"It would be a disaster," said Rep. Frank R. Wolf (R-Va.), who co-sponsored legislation to ban the use of federal funds to transfer detainees to Virginia detention facilities, one of at least 10 similar bills filed by Republicans nationwide. In a March 13 letter to Attorney General Eric H. Holder Jr., Wolf questioned how officials would protect the community.
Dean Boyd, a Justice Department spokesman, said the administration is reviewing how to handle Guantanamo detainees. "It's far too early to speculate on the final disposition of any particular detainee at this time, much less begin speculating about potential judicial districts for prosecution," he said. He declined to comment on Wolf's letter.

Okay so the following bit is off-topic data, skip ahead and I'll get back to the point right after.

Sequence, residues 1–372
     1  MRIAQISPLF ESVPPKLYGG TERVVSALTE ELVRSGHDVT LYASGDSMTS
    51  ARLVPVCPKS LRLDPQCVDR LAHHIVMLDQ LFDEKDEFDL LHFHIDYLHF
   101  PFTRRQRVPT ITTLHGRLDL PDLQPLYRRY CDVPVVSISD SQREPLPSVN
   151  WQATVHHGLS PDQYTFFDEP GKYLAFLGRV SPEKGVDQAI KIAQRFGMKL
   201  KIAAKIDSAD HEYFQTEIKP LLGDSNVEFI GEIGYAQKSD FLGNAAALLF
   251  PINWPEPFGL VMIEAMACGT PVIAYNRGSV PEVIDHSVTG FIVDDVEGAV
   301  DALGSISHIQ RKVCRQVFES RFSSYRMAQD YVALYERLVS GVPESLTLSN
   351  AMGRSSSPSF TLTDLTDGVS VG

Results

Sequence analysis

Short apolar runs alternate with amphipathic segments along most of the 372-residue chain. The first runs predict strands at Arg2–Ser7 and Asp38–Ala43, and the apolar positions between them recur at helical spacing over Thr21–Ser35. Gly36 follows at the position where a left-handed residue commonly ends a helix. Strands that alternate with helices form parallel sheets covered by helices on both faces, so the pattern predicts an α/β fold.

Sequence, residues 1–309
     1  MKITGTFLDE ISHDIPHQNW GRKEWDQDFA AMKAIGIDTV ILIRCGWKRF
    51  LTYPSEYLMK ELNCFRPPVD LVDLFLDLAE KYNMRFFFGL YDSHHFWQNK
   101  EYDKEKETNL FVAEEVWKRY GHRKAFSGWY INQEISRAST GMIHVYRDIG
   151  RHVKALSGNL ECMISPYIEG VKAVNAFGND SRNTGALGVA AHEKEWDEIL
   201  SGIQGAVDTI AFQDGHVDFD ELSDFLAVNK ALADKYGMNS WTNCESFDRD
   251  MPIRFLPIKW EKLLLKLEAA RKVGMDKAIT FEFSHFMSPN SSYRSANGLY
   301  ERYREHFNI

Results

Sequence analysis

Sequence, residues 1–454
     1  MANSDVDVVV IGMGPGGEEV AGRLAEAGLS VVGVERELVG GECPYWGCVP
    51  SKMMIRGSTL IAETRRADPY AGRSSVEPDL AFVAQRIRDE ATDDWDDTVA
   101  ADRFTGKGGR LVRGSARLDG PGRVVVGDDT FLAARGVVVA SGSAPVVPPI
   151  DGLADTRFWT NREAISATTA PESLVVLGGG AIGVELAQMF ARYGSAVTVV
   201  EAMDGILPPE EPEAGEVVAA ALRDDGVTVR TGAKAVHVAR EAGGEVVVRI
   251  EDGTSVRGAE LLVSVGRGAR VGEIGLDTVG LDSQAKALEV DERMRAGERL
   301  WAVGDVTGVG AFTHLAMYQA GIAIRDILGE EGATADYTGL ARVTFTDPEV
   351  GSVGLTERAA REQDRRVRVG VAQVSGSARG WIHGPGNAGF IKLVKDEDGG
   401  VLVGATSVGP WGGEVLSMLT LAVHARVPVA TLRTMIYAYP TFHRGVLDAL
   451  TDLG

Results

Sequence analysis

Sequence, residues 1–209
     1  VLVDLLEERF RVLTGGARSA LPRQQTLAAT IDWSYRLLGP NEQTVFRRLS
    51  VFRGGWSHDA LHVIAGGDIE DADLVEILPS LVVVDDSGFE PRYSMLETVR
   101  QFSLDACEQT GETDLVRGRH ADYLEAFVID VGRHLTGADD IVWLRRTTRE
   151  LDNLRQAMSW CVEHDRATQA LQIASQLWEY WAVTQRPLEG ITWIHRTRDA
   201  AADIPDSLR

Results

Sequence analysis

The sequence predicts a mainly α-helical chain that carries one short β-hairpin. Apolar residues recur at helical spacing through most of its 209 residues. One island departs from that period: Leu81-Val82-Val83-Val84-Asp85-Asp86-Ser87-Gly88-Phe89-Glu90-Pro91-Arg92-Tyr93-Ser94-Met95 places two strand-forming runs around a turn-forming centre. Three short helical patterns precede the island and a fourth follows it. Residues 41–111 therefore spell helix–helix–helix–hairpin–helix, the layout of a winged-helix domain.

Matt Branigan, president of Fairfax-based Watermark Risk Management International, said that the security could cost millions and that a courthouse in a less-populated area would be safer than Alexandria.
"The concern is that someone from the terrorist side of things would want to make some statement in conjunction with the trials," said Branigan, a former senior Air Force anti-terrorism officer. He said the new development in the area "makes the security plan much more complicated. You have more locations to cover, more roofs to lock down with snipers."
When the Alexandria jail, an eight-story red-brick building adjacent to the Capital Beltway near the Woodrow Wilson Bridge, opened in 1987, the area had been a city dump.